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Eclipse Kepler 4.3.1 Error in New Facelet Template

As part of my class preparation I have been writing blog entries on setting up a JEE 6 web profile Maven projects in Eclipse and in NetBeans using the TomEE server. Once I got that working I proceeded to try out a tutorial from Eclipse called the JSF Tools Tutorial – JSF 2.0 that is found in the Eclipse help system.

Create a new project based on my previous blog “Creating JavaServer Faces Maven Managed Projects with Eclipse” and not as described in the tutorial. Jump to the section entitled “Create Facelets template pages”. At this step you are instructed to create a New Facelet Template named BasicTemplate.xhtml. The code that is generated is not what appears in the tutorial.

This is not a problem because the tutorial provides the code and you can just cut and paste it into your BasicTemplate.xhtml file. There is one line that I wanted to leave as is:

<ui:debug hotkey="x" 

The problem was that this line gets a warning symbol in the editor that states that there is an EL syntax error. After some research I discovered the following. In the web.xml file there is the following entry:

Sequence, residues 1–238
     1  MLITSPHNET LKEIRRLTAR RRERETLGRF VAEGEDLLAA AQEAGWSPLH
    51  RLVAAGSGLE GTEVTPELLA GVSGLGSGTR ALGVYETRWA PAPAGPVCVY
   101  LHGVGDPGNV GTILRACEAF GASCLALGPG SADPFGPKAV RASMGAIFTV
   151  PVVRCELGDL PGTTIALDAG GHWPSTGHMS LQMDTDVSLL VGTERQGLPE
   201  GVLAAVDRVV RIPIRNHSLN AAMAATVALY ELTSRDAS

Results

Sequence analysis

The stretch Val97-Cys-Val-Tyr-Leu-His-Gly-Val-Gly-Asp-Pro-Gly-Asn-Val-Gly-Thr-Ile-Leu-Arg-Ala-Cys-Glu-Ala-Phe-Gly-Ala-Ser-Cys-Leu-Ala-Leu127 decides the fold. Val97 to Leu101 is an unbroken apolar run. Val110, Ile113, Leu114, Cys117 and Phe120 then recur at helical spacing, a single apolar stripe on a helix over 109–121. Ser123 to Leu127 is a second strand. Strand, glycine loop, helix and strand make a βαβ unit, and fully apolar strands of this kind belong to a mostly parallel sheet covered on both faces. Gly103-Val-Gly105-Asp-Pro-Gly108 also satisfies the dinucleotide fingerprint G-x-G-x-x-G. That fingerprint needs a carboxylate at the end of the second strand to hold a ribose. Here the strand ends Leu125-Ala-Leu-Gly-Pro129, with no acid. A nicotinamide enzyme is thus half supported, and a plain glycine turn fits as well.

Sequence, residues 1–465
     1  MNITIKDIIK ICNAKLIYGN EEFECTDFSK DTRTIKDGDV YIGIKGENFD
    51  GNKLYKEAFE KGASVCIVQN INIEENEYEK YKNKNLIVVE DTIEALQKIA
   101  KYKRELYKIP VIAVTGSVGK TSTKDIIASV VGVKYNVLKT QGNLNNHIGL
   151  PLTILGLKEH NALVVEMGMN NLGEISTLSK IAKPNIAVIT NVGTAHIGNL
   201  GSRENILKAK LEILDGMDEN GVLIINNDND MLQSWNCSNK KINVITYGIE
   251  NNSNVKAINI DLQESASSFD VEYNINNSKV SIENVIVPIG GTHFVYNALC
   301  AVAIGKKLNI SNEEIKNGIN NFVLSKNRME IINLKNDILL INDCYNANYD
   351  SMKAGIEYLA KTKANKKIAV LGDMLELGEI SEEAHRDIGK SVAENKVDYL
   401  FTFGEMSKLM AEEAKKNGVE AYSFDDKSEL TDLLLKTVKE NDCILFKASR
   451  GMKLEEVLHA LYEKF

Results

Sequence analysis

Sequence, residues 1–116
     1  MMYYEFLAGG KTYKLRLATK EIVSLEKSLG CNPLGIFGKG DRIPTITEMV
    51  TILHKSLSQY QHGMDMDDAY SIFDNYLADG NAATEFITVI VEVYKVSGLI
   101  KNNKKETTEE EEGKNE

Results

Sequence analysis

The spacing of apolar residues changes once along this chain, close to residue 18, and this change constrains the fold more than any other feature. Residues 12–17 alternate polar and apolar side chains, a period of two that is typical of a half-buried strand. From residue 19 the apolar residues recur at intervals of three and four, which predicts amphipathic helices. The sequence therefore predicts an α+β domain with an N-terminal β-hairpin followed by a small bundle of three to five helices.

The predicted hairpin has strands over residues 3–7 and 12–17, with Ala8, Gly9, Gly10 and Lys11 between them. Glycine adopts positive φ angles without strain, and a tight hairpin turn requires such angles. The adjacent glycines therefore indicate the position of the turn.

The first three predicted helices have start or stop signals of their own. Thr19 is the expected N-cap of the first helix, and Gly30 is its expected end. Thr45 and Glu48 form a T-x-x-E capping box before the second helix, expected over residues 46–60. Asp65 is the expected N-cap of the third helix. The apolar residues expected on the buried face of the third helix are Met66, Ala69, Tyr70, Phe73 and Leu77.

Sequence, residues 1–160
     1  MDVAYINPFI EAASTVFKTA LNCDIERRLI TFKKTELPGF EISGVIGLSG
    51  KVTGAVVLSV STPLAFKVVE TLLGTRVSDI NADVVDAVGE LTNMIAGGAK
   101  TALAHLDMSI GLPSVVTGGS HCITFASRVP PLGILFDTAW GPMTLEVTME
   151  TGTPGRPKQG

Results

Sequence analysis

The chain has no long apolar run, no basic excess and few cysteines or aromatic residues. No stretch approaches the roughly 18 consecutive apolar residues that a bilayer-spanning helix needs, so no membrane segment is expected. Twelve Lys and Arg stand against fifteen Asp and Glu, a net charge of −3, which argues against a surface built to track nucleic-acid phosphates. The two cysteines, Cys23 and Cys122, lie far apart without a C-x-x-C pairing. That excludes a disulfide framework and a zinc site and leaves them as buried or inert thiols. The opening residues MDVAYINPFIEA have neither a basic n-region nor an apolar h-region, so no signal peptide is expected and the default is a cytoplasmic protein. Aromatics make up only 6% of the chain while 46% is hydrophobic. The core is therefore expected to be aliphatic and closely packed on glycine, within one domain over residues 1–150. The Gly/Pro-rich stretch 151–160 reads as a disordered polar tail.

This is a description of the current stage of the project. In this case it is Development. The other possible values are UnitTest, SystemTest, Production and Extension.

The <ui:debug> tag is referring to a parameter no longer used called FACELETS_DEVELOPMENT. So I changed the tag to:

<ui:debug hotkey="x" 

This was not sufficient because there are four possible stages. A little more research uncovered the solution as found at JSF Toolbox

<ui:debug hotkey="x" 
eq 'Development'}"/>

With this change the tutorial project’s errors or warnings were removed and it ran as expected. When viewing the pages in the browser you can press Ctrl-Shift-X to get to the JSF debugging windows. Cool!




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More Stories By Ken Fogel

In 1980 I bought for myself the most wonderful toy of the day, the Apple ][+. Obsession followed quickly and by 1983 I was writing software for small and medium sized businesses in Montreal for both the Apple and the IBM PC under the company name Omnibus Systems. In the evenings I taught continuing education courses that demystified the computer to the first generation of workers who found themselves with their typewriter on the scrap heap and a PC with WordStar taking its place. In 1990 I was invited to join the faculty at Dawson College in the Computer Science Technology program. When I joined the program the primary language was COBOL and my responsibility was to teach small systems languages such as BASIC and C/C++. Today I am now the chairperson and program coordinator of the Computer Science Technology program at Dawson. The program's primary language is Java and the focus is on enterprise programming. I like to write about the every day problems my students and I face in using various languages and platforms to get the job done. And from time to time I stray from the path and write about what I plan to do, what I actually get around to doing, and what I imagine I am doing.